Initially, a forgivable loan is an upfront cash payment made in a loan format by a broker/dealer to either employ or retain a registered representative where portions of the loan are either monthly or annually “forgiven” by the b/d until the “loan” is repaid. For tax purposes, the registered representative only recognizes as income the portion of the loan forgiven in the year when it is forgiven. In nearly every case, the forgivable loan is reduced to writing, and each registered representative signs the document as a condition of employment.
As you now know, problems arise when registered representatives leave their firms. If the registered representative is fired for cause or voluntarily resigns, most forgivable loan contracts require immediate payment of the remaining portion of the loan by the registered representative. Nonpayment will most likely result in an NASD arbitration brought by the b/d against the registered representative to recoup any remaining portion of the forgivable loan. However, if the registered representative is laid-off or terminated without cause, the registered representative is usually not responsible for the remaining amount due on the loan. There still, however, would be a tax obligation for the remaining portion of the loan. Accordingly, the manner of your termination is an important factor in deciding whether you will be forced to repay the loan.
Additionally, you state that your agreement is for seven years, but do not discuss the other written terms. For example, if the promises made to you were in writing, you may have strong defenses to any claim for repayment on the loan because you may be able to argue that your employer breached its agreement with you. Nonetheless, most b/ds would be willing to settle this matter, and most firms, in fact, do settle such cases. However, if you are not “liquid,” bankruptcy is always an option, although bankruptcy is disclosed on your Forms U4 or U5, affects your credit and remains on your financial records for a lengthy period of time.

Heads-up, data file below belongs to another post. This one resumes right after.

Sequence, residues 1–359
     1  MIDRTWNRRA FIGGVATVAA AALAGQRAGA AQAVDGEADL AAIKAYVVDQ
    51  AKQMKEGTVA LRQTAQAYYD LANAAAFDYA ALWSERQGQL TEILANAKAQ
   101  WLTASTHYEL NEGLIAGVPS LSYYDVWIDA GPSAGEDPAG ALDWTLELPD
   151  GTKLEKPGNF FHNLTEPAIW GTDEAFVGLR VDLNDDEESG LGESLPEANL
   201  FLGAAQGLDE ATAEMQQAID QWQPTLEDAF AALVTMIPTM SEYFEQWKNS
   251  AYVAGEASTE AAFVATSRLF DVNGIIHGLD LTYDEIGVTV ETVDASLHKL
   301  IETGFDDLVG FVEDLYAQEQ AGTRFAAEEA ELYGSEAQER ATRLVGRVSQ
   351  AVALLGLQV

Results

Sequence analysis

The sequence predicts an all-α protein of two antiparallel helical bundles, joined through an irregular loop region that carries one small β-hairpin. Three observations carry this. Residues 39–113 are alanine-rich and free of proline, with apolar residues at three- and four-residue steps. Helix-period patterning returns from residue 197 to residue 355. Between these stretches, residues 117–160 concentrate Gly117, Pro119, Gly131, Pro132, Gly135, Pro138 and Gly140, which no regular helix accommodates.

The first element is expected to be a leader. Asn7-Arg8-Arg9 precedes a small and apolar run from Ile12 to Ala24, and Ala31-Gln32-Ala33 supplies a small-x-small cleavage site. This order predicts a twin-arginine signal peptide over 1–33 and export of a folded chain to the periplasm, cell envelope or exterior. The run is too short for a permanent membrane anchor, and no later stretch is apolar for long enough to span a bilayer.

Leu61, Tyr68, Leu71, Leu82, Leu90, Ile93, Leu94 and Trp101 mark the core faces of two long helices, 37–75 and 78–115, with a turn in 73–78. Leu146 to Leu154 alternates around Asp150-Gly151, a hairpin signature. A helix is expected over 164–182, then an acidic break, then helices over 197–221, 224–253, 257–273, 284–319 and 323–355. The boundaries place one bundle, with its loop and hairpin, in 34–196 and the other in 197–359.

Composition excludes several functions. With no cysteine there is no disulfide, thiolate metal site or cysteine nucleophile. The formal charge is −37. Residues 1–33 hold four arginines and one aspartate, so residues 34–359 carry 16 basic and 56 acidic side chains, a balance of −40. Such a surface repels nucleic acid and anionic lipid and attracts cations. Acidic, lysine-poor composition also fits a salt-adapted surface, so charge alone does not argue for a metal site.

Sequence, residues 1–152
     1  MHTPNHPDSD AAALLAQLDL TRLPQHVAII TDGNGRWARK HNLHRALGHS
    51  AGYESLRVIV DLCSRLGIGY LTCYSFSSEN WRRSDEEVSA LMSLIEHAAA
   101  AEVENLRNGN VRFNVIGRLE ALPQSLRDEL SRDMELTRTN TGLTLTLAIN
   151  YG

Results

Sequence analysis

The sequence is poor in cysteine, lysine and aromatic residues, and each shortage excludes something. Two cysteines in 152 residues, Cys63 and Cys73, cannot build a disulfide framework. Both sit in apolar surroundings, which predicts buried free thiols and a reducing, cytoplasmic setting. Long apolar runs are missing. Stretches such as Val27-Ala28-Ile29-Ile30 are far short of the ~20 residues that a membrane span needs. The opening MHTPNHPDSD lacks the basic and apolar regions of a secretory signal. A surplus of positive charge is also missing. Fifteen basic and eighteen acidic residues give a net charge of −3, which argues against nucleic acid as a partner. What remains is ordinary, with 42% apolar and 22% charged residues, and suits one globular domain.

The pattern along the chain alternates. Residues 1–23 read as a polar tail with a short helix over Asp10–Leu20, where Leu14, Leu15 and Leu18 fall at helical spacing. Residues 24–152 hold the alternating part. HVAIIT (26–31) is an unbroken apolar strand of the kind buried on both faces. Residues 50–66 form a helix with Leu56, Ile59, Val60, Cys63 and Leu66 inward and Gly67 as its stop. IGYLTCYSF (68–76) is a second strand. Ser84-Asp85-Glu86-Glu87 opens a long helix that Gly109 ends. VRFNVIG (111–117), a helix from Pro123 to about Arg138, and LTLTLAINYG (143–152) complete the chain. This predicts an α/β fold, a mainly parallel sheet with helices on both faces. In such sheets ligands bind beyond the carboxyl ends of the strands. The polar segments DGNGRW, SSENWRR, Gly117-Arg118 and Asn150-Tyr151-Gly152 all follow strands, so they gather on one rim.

In sum, forgivable loans are usually forgivable only when the rep is still employed or if he is terminated without cause, but, if you are fired for cause or voluntarily leave, the member-firm will, most likely, seek to recoup by either negotiation or arbitration the remaining amount due on your forgivable loan.
Ernest E. Badway
Saiber Schlesinger Satz & Goldstein
Ethical Rep is a monthly feature in which more than 30 prominent securities attorneys, experts and law school professors help Rep.. readers deal with work-related ethical quandaries. Have you encountered a situation at work that makes you uncomfortable? Are you confused about how your responsibilities to clients might change as regulations continue to evolve? Drop a line to Rep.'s contributing editor, Ann Therese Palmer, and our group of experts will help you work through the problem.